Texas synagogue hostages are safe, suspect who wanted known terrorist freed shot dead

A Police car is seen driving close to the Congregation Beth Israel Synagogue in Colleyville, Texas, some 25 miles (40 kilometers) west of Dallas, on January 15, 2022. - Hostage negotiators were locked in a tense standoff January 15 at the Texas synagogue where a man claiming to be the brother of a convicted terrorist has reportedly taken a rabbi and several others captive, police and media said. One of several hostages being held at a synagogue in Texas has been released, local police said Saturday. "Shortly after 5 p.m. (2300 GMT), a male hostage was released uninjured," the Colleyville police department said in a statement. | ANDY JACOBSOHN/AFP via Getty Images)

UPDATE JAN. 16 at 7:15 a.m. ET: The suspect in the Texas siege was a British citizen named Malik Faisal Akram, 44, from Blackburn. His family has apologized to those who were held hostage at the synagogue for 10 hours. President Joe Biden called the man's actions an act of terrorism. 

The FBI and Texas authorities resolved an hourslong hostage situation at a Dallas-Fort Worth area synagogue late Saturday after they killed an armed man who stormed the Jewish place of worship on the Sabbath and held four hostages, including a rabbi, reportedly demanding the release of a convicted terrorist whom U.S. officials once described as the “most wanted woman in the world.”

U.S. Rep. Beth Van Duyne told the Fort Worth Star-Telegram late Saturday the hostage-taker is dead.

A loud bang followed by what sounded like gunfire was heard about 9:12 p.m. Central time Saturday outside Congregation Beth Israel, a Reform synagogue in Colleyville where a hostage situation had been going on for hours.

"All hostages are out alive and safe," Gov. Greg Abbott tweeted about 9:35 p.m. 

“The SWAT situation in Colleyville is resolved and all hostages are safe. We continue to work in partnership with the FBI to finalize all details,” followed a tweet by Colleyville police at 9:55 p.m., hours after a male hostage had been released uninjured.

The suspect, who had not been identified but claimed to have bombs in unknown locations, took hostage of Rabbi Charlie Cytron-Walker and three others at the synagogue during their Sabbath morning service.

The synagogue was livestreaming its service on Facebook at the time which captured the initial part of the hostage situation before it was removed.

Rabbi Marvin Hier and Rabbi Abraham Cooper of the Simon Wiesenthal Center, a Jewish human rights organization, said they were praying for the safety of the hostages. “By all available information, this was a well-planned scenario designed to gain entrance into the synagogue by posing as a homeless man,” they said in a statement shared with The Christian Post.

Earlier on Saturday, law enforcement officials told CNN the man may have demanded the release of Aafia Sidiqqui, known as “Lady Al Qaeda,” who was convicted in 2010 on charges that included attempted murder and armed assault on U.S. Army officers in Afghanistan and is serving her sentence at Carswell Air Force Base near Fort Worth.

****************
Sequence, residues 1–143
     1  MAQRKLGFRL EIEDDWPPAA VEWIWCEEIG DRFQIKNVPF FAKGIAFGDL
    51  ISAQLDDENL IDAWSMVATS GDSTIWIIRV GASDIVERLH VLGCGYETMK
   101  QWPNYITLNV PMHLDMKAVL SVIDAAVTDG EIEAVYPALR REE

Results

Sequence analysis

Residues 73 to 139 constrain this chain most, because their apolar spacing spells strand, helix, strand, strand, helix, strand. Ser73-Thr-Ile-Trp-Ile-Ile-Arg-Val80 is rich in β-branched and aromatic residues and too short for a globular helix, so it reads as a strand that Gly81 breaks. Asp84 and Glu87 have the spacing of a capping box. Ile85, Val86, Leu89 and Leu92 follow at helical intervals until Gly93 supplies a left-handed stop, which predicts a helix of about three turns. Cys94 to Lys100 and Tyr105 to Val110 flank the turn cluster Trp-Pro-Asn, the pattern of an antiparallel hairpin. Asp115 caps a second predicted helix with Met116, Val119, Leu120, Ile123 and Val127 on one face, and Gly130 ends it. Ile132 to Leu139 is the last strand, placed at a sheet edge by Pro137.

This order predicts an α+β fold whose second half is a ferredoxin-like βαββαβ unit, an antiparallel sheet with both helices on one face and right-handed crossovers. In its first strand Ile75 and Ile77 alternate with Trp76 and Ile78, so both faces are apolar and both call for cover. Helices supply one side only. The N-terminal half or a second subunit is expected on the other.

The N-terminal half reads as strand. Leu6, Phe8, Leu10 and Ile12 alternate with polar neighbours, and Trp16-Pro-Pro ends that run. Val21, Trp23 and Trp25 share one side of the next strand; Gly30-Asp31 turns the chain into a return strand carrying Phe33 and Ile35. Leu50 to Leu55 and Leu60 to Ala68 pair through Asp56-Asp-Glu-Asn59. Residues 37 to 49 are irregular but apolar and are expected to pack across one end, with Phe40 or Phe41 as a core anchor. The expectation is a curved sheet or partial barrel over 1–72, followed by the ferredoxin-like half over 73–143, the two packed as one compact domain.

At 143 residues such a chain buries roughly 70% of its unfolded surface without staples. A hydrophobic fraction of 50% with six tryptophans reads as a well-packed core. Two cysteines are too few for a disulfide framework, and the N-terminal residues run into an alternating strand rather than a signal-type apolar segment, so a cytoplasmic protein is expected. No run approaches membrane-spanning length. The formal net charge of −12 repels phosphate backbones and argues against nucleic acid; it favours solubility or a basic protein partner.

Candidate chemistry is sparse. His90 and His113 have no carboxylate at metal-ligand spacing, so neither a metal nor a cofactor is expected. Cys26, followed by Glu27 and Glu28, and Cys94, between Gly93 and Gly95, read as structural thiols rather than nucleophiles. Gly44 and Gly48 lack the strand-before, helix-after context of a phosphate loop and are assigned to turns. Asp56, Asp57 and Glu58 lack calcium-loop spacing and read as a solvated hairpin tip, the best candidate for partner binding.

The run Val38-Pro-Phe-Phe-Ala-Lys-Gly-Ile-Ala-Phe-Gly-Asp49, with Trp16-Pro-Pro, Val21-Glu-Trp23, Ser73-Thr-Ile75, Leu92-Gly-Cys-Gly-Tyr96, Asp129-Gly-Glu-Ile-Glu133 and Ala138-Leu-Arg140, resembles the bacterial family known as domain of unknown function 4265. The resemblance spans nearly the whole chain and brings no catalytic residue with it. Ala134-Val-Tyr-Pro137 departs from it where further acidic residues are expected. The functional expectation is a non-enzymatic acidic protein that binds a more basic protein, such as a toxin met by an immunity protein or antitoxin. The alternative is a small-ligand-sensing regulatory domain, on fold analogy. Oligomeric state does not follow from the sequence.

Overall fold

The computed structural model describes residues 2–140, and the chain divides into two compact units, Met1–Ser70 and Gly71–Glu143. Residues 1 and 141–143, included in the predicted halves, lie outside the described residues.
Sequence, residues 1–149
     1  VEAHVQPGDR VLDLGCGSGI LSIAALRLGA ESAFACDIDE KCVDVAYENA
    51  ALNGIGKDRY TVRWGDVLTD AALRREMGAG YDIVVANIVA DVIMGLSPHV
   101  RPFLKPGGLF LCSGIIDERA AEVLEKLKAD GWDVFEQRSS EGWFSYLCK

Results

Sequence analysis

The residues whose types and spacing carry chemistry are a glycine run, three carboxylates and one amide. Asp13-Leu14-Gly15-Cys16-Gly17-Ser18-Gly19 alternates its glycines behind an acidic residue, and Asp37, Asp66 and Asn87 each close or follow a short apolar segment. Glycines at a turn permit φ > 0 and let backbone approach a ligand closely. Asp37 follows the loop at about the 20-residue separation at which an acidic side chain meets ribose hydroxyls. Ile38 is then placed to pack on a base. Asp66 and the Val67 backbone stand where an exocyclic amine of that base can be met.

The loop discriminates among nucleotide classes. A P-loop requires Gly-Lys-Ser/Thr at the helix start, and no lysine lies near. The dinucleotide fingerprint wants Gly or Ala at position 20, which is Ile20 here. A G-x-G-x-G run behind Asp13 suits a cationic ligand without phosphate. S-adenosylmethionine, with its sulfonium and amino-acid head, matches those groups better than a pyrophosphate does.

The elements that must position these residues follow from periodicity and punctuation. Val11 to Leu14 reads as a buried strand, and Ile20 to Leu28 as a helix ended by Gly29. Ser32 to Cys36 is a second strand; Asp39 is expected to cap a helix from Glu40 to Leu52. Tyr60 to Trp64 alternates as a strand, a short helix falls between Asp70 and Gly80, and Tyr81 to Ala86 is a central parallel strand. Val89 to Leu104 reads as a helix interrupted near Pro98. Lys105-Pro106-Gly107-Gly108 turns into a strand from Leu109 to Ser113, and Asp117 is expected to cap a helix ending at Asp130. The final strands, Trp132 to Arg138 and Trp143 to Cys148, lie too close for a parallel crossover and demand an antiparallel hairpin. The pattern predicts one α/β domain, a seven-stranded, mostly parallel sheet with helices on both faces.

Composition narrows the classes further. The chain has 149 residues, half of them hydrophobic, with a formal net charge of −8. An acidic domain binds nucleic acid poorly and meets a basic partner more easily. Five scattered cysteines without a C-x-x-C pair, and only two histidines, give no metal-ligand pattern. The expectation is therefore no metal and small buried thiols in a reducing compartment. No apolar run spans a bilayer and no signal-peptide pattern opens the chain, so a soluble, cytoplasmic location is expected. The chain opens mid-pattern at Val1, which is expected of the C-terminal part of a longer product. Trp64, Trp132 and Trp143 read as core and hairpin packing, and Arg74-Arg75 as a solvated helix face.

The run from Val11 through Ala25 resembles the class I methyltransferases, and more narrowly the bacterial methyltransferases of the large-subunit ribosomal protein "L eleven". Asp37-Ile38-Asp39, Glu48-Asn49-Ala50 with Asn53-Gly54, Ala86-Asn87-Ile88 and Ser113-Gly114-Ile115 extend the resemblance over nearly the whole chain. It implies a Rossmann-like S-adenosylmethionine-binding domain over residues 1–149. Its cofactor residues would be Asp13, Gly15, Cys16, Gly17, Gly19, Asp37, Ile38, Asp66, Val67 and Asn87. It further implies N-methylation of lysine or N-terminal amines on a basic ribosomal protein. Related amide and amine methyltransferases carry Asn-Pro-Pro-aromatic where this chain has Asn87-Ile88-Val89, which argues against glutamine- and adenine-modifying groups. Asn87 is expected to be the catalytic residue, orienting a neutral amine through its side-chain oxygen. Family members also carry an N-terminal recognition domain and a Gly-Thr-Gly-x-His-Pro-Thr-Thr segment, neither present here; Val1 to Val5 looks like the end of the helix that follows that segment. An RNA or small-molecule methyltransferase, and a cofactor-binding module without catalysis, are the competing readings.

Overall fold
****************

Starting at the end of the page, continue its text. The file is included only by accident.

The suspect was carrying backpacks and claimed he had explosives, ABC News said, adding that law enforcement acted as if it was true.

Law enforcement had said their priority was the safety of the rabbi and the other hostages.

Officers responded after they received a call about 10:45 a.m. Saturday, Fort Worth Star-Telegram reported. They evacuated the area and called for assistance from the FBI Dallas Field Office, Tarrant Regional SWAT Team, Texas Department of Public Safety and other local agencies.

The rabbi is known for bringing all faiths together, according to The New York Times, which quoted Giovanni Capriglione, a state representative, as saying, “He has brought Christian groups, and various Muslims groups together. He is not someone who is railing against one faith or another. He’s the exact opposite.”

Siddiqui, a mother of three, was arrested in Afghanistan in 2008 when she was found with two kilos of poison sodium cyanide and plans for chemical attacks on New York’s Brooklyn Bridge and the Empire State Building, according to the Daily Mail, which said that during her trial she demanded that every jury member get DNA tested to see if they were Jewish.

Siddiqui is a Pakistani-born neuroscientist who was a biology major at MIT in Cambridge and got a doctorate in neuroscience from Brandeis University. She once reportedly told her student friends she would be proud to be on the FBI’s Most Wanted list.

She had reportedly joined a National Rifle Association class and encouraged other Muslims also to do so. And she's also known to have lied to her husband, who was surprised to learn she married him for his family’s connections to better enable her to wage jihad.

“Her hatred for the U.S. was so strong that during her interrogation she grabbed a rifle from one of her guards and shot at them shouting: ‘Death to Americans,’” according to the Mail.

Before her 2010 conviction, Siddiqui was possibly the lone female at al Qaeda’s highest echelon, and was dubbed by U.S. officials as the “most wanted woman in the world,” according to the Boston Globe, which also said the Islamic State terrorist group twice sought to trade captives for her release before beheading them.

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